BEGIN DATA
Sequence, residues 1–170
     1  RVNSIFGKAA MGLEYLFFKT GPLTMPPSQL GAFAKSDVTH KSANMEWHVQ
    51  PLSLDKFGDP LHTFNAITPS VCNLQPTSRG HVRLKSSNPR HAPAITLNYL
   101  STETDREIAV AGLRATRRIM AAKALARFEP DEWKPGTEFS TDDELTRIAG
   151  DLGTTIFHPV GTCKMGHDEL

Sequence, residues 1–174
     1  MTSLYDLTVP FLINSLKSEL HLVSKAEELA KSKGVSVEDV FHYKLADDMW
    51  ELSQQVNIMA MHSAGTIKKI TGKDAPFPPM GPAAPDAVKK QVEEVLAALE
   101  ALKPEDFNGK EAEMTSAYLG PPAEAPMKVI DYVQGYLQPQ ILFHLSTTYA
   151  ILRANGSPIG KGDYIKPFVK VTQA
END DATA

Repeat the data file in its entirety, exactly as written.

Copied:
Sequence, residues 1–170
     1  RVNSIFGKAA MGLEYLFFKT GPLTMPPSQL GAFAKSDVTH KSANMEWHVQ
    51  PLSLDKFGDP LHTFNAITPS VCNLQPTSRG HVRLKSSNPR HAPAITLNYL
   101  STETDREIAV AGLRATRRIM AAKALARFEP DEWKPGTEFS TDDELTRIAG
   151  DLGTTIFHPV GTCKMGHDEL

Sequence, residues 1–174
     1  MTSLYDLTVP FLINSLKSEL HLVSKAEELA KSKGVSVEDV FHYKLADDMW
    51  ELSQQVNIMA MHSAGTIKKI TGKDAPFPPM GPAAPDAVKK QVEEVLAALE
   101  ALKPEDFNGK EAEMTSAYLG PPAEAPMKVI DYVQGYLQPQ ILFHLSTTYA
   151  ILRANGSPIG KGDYIKPFVK VTQA